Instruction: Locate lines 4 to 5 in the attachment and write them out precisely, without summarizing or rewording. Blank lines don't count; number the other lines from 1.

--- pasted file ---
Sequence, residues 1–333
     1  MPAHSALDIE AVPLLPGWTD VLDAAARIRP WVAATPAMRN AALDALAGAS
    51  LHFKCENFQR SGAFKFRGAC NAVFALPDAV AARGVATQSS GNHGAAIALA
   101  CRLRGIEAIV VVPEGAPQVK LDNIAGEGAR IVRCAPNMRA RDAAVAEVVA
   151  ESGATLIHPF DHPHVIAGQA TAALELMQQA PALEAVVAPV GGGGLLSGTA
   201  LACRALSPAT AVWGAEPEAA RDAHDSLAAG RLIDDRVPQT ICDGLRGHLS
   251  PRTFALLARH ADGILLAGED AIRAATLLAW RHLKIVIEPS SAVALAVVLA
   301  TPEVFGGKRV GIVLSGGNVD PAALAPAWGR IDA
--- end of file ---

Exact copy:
   101  CRLRGIEAIV VVPEGAPQVK LDNIAGEGAR IVRCAPNMRA RDAAVAEVVA
   151  ESGATLIHPF DHPHVIAGQA TAALELMQQA PALEAVVAPV GGGGLLSGTA